Growing up in he 80’s my mom and dad didn’t have much, my dad was hustling to get his small two bay bodyshop start up going, and ma-dukes was a stay at home mom who took really good care of us, making sure we did our homework, brushed our teeth and handled our chore responsibilities. Luxuries like new kicks, fresh gear, and weekly haircuts weren’t even on the radar. We were just getting by with big dreams, a vivid imagination, and a true love for basketball. Right around that time when a guy named Michael Jordan was drafted to the Bulls, and shortly there-after got a Nike endorsement. The impression those first Jordans left in my head was similar to the feeling I would get when Maryann and Ginger would rock bikinis on Gilligans Island. I couldn’t afford them so I wouldn’t let then concern me…but damn you better believe I wanted em…
My mom knew I wanted them too, and I’ll never forget the first time she surprised me with them because I knew it was a stretch, they were authentic, they were cool, they were rare and unique. I was so proud to lace em up! That was the day I caught the sneaker bug, off of my first Jordans!


Fast forward to high school and my first job, I was slinging burgers in Burger King for one reason, and one reason only! I wanted to buy kicks, and sure enough that’s what I did the night I cashed my very first paycheck. I think it was 1991, when the Air Jordan VI dropped, still to this day remaining one of my favorites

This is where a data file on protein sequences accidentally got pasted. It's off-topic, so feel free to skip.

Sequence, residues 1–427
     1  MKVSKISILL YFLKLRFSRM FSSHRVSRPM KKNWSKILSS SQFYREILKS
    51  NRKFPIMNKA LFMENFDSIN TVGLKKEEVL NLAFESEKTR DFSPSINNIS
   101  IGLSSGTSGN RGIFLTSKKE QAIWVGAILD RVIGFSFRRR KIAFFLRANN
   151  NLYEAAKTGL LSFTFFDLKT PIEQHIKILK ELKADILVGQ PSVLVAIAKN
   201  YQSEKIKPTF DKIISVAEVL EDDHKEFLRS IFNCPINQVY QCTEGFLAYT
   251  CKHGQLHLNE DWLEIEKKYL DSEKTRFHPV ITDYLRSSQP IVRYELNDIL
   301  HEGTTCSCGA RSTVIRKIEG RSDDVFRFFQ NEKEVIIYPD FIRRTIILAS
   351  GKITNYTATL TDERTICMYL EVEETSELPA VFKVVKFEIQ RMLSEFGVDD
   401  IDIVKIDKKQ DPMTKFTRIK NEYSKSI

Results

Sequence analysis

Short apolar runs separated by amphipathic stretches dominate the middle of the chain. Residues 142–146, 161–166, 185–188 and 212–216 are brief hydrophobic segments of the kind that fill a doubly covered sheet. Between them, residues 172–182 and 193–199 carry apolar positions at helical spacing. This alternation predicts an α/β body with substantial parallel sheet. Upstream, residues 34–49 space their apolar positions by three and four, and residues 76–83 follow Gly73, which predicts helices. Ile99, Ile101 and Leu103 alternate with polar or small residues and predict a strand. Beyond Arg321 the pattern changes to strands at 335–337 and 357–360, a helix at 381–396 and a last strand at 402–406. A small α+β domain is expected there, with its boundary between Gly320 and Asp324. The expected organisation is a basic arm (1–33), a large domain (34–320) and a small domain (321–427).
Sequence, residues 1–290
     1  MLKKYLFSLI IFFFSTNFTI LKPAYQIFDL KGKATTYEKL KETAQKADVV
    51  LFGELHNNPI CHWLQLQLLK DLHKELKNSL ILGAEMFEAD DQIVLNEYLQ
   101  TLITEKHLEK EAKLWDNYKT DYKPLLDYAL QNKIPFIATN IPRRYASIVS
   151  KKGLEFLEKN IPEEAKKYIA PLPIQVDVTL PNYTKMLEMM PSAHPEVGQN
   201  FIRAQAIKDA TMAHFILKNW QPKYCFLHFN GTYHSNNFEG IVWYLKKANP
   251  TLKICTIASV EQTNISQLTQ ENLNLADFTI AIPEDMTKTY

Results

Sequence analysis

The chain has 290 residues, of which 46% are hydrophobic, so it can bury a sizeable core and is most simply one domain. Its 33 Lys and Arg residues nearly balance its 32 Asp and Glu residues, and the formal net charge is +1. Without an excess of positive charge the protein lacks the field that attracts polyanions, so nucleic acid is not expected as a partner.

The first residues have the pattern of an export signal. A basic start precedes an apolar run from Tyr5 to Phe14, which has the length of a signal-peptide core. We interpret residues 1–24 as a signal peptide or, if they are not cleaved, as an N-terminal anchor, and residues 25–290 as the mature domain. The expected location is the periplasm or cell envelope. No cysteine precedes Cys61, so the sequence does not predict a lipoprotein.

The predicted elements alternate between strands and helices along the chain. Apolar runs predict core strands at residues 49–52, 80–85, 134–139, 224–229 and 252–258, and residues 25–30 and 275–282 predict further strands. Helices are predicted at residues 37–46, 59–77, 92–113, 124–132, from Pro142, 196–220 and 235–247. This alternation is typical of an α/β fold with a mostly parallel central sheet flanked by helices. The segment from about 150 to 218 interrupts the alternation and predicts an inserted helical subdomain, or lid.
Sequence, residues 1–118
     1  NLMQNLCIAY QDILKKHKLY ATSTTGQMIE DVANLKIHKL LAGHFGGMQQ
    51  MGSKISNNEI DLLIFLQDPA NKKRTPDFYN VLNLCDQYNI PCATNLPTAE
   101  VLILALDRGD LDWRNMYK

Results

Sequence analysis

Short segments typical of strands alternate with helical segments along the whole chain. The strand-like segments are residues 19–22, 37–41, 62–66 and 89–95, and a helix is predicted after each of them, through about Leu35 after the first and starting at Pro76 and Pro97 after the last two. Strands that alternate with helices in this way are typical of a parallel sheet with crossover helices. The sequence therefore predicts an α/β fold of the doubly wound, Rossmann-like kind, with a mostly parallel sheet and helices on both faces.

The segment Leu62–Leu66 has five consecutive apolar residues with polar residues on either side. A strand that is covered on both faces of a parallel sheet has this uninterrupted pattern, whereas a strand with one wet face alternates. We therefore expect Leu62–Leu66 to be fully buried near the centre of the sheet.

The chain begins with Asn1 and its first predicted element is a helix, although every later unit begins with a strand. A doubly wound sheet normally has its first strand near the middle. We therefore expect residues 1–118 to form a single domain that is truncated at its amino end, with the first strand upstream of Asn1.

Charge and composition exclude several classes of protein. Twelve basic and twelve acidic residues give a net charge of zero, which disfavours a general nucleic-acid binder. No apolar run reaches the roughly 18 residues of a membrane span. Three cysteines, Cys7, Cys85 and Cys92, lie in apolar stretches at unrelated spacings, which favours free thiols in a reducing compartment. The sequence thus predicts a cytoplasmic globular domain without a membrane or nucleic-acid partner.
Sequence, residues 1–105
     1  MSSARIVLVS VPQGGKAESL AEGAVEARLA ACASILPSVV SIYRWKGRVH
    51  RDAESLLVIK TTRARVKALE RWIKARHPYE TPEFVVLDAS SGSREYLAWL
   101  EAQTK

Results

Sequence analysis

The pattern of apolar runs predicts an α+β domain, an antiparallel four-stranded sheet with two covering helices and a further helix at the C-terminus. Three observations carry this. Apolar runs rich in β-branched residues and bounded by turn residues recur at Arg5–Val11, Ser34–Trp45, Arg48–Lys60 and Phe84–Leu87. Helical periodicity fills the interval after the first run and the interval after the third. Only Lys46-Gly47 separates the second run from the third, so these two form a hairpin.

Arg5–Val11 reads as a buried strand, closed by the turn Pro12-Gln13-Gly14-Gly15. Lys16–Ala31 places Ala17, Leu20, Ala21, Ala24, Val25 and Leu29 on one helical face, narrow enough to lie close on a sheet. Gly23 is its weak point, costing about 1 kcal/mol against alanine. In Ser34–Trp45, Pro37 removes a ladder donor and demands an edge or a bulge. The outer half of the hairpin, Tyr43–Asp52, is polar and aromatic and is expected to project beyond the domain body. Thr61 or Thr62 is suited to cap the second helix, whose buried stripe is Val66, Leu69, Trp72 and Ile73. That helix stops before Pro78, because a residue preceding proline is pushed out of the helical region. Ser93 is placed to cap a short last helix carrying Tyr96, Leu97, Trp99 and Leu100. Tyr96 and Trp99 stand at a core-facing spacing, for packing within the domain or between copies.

In my time as an avid sneaker collector I’ve waited in many lines, traveled far distances, traded, and worked incredibly hard to acquire some of what I have always referred to as my “butters” (The cream of the crop, the best of the best). Since the rise of the web, sneaker collecting has become a much easier task especially in recent years. In a sense taking the fun out of it (at least for me). The last time I waited on line was in 2008, I was in Miami the day the Air Jordan XX3 dropped and I wanted this sneaker in the Carolina Blue colorway, and only 23 stores across the country were 23 pairs each. I can’t remember the name of the store but I got there 4 hours early and just waited patiently. I was the 20th person in line, so I thought to myself, no worries I’m good. When the doors opened the excitement was through the roof. When the 15th (or so) person came out of the store, the manager yelled out…”we’re sold out.” I wasn’t happy but I never took into consideration the employees of the store! It definitely wasn’t fair, and that was the day I retired from the line waiting game.


I still keep all of my Jordans, some used / some unused, tucked away in the vaults. Since then I’ve graduated to collecting more Air Max, Flyknits, and the occasional Foamposite that may spark some interest. Sneaker collecting in general has become a form of art and expression, it is still taking off, alot of people take it much more seriously then I do. The SneakerHeads Documentary will certainly raise some awareness to show the masses how serious of a craze this is, and the extents some of these people will go to in order to cop the latest, and the greatest, and I can certainly relate! Highly looking forward to this documentary. The movie is close to a wrap, it is fan backed / crowd sourced, and they are looking for more funding if you are interested in becoming a part I’ve already provided a link for the site so check it out.

World Premiere at the SXSW Film Festival! Monday, March 16th @ 9pm at the Vimeo Theater!